(Or Staging a Play During a Pandemic)
By Leo Flanagan
I was sat outside a coffee shop on Exhibition Road in South Kensington with a friend of mine, Matt Howdon. Matt was one of the actors performing in the first play I’d written and was now currently in the process of directing, Feathers. The play opens on two siblings about to go on the run the night before a national draft is implemented. Everybody has been ordered to sign up and head over and in to fight The Great Threat. The two siblings Kaleb and Cecily decide not to buy in to the story they’re being told and plan to escape before the Draft date. Before they can both leave though, they’re interrupted by a Draft Officer who’s only real job is to sort out the admin, enter Matt.
“When you first asked me to do this, I thought, get a play on with a few mates maybe get some casting people down. I’ll be able to rehearse between work, it’ll keep me busy for a bit until an acting job comes in, and it’ll be a laugh…but it feels different now.”
It’s August 2020 and we’re a few weeks into rehearsals for Feathers. We originally planned for Feathers to be performed in May of 2020…which then turned into (a very optimistic at the time) July of 2020 and then (a maybe more doable) September of 2020 at The Calder Bookshop Theatre. Now…if you’ve never heard of this venue before you are really missing out, it’s a bookshop…and a theatre! They were nothing but hospitable and generous throughout the course of the pushbacks and then the show itself. I implore you to head down to The Cut and check out this venue, a perfect spot for book and theatre lovers!
Matt was the first actor we (Gutter Street) asked to be involved with the play, this was back in “The Before Times” (2019) when planning for a show didn’t come with an asterisks. I took a sip of my coffee and asked him what it was about an audience that all had to be sat at least one seat apart from each other - masked up, rehearsals that started with a deep hand cleanse, a theatre capacity of 12 a night and pub curfew of 10pm (So there was no chance of the infamous ‘after show drinks’) that felt different to him?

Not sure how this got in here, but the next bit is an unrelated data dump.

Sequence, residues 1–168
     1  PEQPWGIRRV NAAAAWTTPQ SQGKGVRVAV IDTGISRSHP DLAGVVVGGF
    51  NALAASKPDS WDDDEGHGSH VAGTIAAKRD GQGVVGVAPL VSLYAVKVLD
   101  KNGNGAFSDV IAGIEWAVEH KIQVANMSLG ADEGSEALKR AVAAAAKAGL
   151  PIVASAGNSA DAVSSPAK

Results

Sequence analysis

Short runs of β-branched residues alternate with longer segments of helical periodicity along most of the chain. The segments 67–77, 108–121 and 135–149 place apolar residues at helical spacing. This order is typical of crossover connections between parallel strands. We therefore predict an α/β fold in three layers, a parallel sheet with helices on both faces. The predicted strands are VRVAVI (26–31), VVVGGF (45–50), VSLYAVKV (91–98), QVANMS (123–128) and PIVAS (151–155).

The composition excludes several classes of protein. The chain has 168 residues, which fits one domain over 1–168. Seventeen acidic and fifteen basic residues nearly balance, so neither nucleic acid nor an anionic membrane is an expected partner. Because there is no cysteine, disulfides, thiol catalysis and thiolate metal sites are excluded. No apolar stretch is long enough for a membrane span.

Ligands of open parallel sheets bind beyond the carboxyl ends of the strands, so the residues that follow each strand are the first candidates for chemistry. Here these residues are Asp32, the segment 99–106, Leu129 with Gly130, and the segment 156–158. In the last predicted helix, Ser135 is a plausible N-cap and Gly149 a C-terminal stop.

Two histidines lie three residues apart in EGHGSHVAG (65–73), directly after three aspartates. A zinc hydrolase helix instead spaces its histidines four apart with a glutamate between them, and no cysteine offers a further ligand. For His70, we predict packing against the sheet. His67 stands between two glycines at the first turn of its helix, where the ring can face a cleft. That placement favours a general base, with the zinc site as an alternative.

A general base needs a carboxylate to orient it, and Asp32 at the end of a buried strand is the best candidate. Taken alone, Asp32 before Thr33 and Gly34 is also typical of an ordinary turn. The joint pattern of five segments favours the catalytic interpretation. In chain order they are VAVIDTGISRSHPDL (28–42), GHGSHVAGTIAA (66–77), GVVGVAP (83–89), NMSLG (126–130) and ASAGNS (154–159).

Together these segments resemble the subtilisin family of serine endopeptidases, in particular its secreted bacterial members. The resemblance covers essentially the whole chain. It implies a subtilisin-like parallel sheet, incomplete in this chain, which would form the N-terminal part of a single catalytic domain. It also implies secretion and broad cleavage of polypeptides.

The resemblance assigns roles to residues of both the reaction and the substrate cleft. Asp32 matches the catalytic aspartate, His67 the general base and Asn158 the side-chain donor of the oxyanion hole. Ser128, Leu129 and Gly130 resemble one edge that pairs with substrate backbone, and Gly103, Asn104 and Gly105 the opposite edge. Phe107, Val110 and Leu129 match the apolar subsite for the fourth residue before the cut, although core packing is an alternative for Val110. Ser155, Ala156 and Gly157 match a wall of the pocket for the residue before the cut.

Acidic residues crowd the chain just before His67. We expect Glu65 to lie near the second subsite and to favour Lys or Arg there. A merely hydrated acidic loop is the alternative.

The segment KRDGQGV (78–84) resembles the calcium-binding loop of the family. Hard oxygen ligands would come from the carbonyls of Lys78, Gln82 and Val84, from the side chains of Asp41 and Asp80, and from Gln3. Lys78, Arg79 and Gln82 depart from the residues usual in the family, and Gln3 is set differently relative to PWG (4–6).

“I don’t know…It feels like we’re doing it in defiance of something.”
He wasn’t wrong. Now, I don’t think Matt meant “We’re doing this illegally in defiance of the rules or in defiance of Bill Gates and his evil plan for world domination”. No. There will be no anti-5G propaganda here. We were doing things covid secure. So much so that the day we opened we had our co-founder Josh Barrow stood outside the venue holding a piece of cardboard with our NHS Track and Trace QR code stuck onto it, encouraging our audience to download the app (which had only launched a few days prior) before entering the building. If you wanted an example of ‘following the rules’ it was us. But I know what he meant. We were. After push back after push back and a theatre scene that was pretty much at a standstill - if it wasn’t for outdoor venues and online shows - getting into a rehearsal room to work on a live fringe theatre show felt like we were defying covid itself, in our own little way.
It wasn’t long before we finished our drinks, walked through Hyde park and elbow bumped our goodbyes. It was a rejuvenating chat, and Matt’s words of defiance stayed with me, which helped when you’re working on a show which is pretty much about defying a greater force than yourself. The next couple of weeks rolled on and we found ourselves at show week. Well…week may be pushing it. We had two nights planned. Two nights to imagine a different world, to portray a struggle, to take an audience on an adventure…all in under sixty minutes before the pubs called last orders at nine.